A Side of Sabotage: A Quinnie Boyd Mystery
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About the Author
C. M. Surrisi is a graduate of the Vermont College of Fine Arts MFA program in Writing for Children and Young Adults. She lives in Asheville, North Carolina. The Maypop Kidnapping is her first novel.
Middle Grade Fiction
A Side of Sabotage: A Quinnie Boyd Mystery (Quinnie Boyd Mysteries #3) by C.M. Surrisi
I had the opportunity to read a digital ARC of this middle grade mystery novel courtesy of NetGalley. A few years ago, I read the Maypop Mystery, and really enjoyed it. This is the third installment of the Quinnie Boyd mystery series, and it is fun to see the characters I like getting a little bit older. Fourteen year old Quinnie is enjoying the summer in Maiden Rock, Maine with her friends. Dominic is a little bit more than just a friend, but he's getting ready to move away. Quinnie's childhood BFF, Zoe, is returning to Maiden Rock after spending over a year in Scotland with her parents.
In the midst of adjusting to Zoe's return, preparing to say goodbye to her boyfriend, and helping out at her father's restaurant, there is something sinister happening in Maiden Rock. A fancy new restaurant has opened in town, and is threatening to take away Gusty's customers. When a friendly food competition between the two restaurants begins, suddenly all sorts of misfortune falls upon Gusty's. Each new problem threatens to ruin her father's business, and Quinnie is pretty sure the owner of the new restaurant is behind all of the trouble. But in order to find proof, Quinnie and her friends will need to dust off their detective caps.
I like that this mystery has enough adventure and tension to make it a compelling read. But like its predecessors, it's not too scary or violent for middle grade readers. I kind of wish Quinnie would trust her mother to help her more when she finds clues or discovers new evidence. Quinnie's mom is also Maiden Rock's sheriff. And while Quinnie wants to solve things on her own, she frequently compromises evidence or creates new problems that only complicate efforts to find the culprit in the restaurant mischief. That frustrates the grownup in me, but I'm sure this book will be a popular mystery among young readers.
"Small-town sleuth Quinnie Boyd goes on high alert when the opening of a fancy new restaurant not only signals competition for her dad's popular local café, Gusty's, but also touches off a series of inexplicable kitchen and backroom mishaps. Coincidence or sabotage? Quinnie has no doubt which--but, as in her previous capers (Vampires on the Run, 2017), finding enough real evidence to convince her mom--the town's hard-nosed sheriff/mayor--without being grounded for life proves a tricky challenge. Surrisi surrounds her pushy protagonist with teen peers who join the investigation with varying degrees of reluctance, and stocks the adult supporting cast with plenty of suspects, obvious and otherwise. She also tucks in much eating and drinking in order to create comical contrasts between the new eatery's haute cuisine ('lobster quenelle poached in seaweed broth and finished with a beam of light') and Gusty's mouthwatering pies, pastries, and like plain fare. Young fans of both cozies and foodie-themed tales will find much to savor in this latest outing."--Booklist--Website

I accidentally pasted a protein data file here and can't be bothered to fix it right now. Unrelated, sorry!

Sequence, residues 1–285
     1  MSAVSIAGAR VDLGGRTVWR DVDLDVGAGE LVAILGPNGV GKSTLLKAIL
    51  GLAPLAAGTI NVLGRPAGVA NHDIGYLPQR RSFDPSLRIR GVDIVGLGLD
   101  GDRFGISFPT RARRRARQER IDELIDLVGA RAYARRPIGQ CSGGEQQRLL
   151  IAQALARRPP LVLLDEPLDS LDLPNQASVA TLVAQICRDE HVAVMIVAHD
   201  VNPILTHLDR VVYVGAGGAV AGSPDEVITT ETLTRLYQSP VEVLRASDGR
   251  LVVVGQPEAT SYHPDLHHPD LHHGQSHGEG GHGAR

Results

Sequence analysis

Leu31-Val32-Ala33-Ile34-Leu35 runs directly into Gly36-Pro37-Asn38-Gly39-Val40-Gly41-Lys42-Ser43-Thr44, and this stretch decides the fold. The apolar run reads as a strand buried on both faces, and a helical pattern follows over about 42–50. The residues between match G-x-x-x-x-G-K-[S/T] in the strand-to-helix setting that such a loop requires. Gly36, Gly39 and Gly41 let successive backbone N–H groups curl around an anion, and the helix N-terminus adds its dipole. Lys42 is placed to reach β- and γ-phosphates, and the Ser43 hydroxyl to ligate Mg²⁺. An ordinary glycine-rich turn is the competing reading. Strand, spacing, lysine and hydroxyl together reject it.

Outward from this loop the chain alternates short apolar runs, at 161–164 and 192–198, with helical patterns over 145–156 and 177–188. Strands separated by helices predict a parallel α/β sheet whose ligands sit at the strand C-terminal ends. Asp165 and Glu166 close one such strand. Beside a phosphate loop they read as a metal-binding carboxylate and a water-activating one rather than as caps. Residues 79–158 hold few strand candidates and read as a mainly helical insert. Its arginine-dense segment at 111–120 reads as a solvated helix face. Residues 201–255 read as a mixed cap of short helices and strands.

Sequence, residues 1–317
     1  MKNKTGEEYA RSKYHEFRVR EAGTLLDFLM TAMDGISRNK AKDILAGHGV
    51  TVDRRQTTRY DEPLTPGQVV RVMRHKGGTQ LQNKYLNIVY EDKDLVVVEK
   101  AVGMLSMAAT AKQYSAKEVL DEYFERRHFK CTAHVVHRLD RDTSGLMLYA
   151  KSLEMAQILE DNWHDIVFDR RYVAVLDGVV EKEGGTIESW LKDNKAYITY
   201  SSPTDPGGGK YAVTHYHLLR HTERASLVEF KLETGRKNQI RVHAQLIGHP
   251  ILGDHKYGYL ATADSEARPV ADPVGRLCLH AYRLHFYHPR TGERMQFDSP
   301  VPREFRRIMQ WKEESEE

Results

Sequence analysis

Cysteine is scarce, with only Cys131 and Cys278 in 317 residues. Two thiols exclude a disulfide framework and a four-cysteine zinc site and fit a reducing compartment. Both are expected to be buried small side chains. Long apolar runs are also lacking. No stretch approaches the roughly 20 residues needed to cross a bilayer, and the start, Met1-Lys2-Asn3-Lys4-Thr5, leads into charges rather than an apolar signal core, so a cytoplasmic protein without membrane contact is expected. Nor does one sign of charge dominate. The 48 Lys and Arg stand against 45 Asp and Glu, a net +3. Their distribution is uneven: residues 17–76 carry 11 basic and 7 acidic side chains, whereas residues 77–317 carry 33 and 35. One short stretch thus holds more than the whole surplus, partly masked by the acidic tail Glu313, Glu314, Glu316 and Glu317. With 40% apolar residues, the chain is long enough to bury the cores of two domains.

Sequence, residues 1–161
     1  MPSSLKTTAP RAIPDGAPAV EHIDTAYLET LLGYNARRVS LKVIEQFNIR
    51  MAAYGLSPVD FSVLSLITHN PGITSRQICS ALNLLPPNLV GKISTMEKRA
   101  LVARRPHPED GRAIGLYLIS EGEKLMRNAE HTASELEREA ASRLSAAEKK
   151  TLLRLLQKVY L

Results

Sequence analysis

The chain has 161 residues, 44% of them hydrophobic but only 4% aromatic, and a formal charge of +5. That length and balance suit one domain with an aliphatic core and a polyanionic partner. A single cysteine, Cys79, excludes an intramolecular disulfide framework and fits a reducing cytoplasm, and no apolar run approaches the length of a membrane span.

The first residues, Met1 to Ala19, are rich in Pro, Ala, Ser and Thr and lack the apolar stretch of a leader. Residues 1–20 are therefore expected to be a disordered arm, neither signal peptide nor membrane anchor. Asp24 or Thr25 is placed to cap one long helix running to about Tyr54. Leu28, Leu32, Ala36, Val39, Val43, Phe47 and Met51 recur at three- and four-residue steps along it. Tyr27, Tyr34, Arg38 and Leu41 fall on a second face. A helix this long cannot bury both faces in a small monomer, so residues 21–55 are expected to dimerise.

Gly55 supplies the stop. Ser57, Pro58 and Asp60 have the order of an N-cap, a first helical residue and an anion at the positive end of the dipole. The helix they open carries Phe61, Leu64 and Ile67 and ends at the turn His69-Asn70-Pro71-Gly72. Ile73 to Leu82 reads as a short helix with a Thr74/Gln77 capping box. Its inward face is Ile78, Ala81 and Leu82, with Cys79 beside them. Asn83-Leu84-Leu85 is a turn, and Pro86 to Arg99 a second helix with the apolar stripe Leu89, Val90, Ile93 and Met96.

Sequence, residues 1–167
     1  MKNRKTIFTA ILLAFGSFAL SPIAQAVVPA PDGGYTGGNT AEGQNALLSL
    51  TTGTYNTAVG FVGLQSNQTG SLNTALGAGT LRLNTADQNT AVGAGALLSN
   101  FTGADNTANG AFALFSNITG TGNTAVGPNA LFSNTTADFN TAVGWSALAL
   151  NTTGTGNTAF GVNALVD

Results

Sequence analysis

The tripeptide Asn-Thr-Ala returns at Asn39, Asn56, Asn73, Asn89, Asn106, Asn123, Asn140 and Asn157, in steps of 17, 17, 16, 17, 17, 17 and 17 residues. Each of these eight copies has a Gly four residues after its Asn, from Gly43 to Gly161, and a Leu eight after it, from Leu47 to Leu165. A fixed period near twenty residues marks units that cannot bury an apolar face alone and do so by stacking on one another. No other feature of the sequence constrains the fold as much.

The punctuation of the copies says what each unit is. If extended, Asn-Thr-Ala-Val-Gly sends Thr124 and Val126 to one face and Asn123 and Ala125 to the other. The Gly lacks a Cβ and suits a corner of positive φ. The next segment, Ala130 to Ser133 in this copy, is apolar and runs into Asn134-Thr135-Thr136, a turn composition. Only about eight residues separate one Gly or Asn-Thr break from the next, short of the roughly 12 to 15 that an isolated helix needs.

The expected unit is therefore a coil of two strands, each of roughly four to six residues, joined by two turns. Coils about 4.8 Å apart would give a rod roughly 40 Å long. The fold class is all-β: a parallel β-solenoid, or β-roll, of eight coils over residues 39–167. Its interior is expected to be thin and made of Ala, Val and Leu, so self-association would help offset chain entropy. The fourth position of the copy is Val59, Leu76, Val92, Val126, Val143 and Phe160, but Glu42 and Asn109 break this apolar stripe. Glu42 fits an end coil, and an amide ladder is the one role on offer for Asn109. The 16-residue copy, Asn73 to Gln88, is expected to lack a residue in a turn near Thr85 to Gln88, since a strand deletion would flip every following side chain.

"Back for another outing after Vampires on the Run (2017), Quinnie and her young teen friends of Maiden Rock, Maine (a stereotypical middle-class village that tourists might imagine), get caught up in another mild mystery. Quinnie's BFF, Zoe, is back from two years in Scotland and is finding it hard to slip back into the old routine. Meanwhile Quinnie's favorite boy buddy is just packing up to move back to New Jersey and new friend Ella is facing the challenge of finding her place with (or between) Zoe and Quinnie. On top of all that, a fancy chef has just opened a new restaurant in town that's sure to provide competition for Quinnie's father's more modest but tried-and-true eatery, Gusty's. With the newspaper's Secret Diner set to pick a favorite between the two, someone begins to sabotage Gusty's. Quinnie and her pals set out to discover the perpetrator using surveillance and good problem-solving skills, along with a bit of breaking and entering that gets them all in trouble. Plenty of red herrings will keep readers guessing until the climax. No one is described, but the white default probably prevails. An incomplete resolution of the gang's immature relationship issues provides fodder for the next tale. Only mildly suspenseful, but between the mystery and familiar friendship problems, amusing enough to sustain interest."--Kirkus Reviews--Journal